COVID-19, Genetic Mutations, And 2nd Waves

Nikitha Srinivasan

In India, there are roughly 25,000,000 instances of Covid-19, with 290,000 deaths as a result of the virus. Only 3% of India’s population has got all of their vaccinations, whereas 9.2% have got at least one dose. Because India produces 60% of the world’s covid-19 vaccinations, having them struggle to be vaccinated is alarming. India has difficulty exporting vaccinations to foreign countries while still vaccinating its own residents. 

Harsha Vardhan, India’s Health Minister, claimed in March 2021 that the country was nearing the end of the pandemic and was becoming safer. Major gatherings, parties, and even large election rallies were held without masks or social separation. The unexpected rise of cases in India resulted in a scarcity of beds, medications, ventilators, and other resources needed to treat patients. As the daily mortality rate rises, hospitals are forced to mass cremate all of the bodies (rather than returning them to their families). 

A plethora of COVID-18 variations have also been discovered all around the world. In India, a new mutation known as B.1.617. has been discovered. Some scientists say that the variant found in India is 50% more contagious than the original virus. Because of two mutations on the virus’s spike, it’s known as a double mutant. Scientists have discovered that it is more transferrable and difficult to combat. This makes the India mutation significantly more lethal, even for people who have received both vaccination doses.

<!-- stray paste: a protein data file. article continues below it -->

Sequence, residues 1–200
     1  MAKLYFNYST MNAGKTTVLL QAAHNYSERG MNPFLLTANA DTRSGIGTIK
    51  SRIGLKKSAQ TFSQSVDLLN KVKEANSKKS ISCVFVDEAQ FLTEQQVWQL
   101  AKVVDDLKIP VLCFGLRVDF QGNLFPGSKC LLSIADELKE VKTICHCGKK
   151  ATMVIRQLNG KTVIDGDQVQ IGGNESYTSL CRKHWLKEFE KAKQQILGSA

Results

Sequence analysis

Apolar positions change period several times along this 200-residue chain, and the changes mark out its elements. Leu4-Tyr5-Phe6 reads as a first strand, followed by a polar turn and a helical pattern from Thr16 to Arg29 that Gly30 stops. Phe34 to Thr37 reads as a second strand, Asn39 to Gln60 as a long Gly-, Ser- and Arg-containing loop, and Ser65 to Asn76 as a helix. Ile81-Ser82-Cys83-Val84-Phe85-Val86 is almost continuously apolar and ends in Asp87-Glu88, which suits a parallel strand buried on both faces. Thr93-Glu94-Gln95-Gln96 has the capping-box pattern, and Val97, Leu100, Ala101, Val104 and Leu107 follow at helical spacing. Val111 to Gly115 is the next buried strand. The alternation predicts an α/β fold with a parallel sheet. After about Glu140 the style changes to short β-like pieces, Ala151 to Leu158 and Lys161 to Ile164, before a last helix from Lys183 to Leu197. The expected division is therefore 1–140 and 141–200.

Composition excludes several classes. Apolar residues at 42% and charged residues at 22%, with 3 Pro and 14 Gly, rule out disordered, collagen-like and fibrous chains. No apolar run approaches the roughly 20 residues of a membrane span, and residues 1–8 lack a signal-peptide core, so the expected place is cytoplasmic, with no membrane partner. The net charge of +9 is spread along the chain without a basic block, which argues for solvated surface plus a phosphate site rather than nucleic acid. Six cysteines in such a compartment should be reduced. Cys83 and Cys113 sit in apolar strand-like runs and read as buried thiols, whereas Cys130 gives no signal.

While the initial wave primarily impacted the elderly, the mutation is now affecting everyone, with the younger generation being particularly afflicted. Despite the fact that several nations across the world are providing ventilators and other medical supplies to India, India still faces a shortage. 

As a result of the mutation’s impact on India, several of India’s neighbors have closed their borders. Even though the CDC (Centers for Disease Control) has said that it is alright to remove your mask after both vaccination doses, it is still suggested that you use your mask in both small and large environments. With that in mind, we should always be prepared and cautious because we don’t know what will happen in the future, whether we reopen everything and everything goes well or if there is a third wave.

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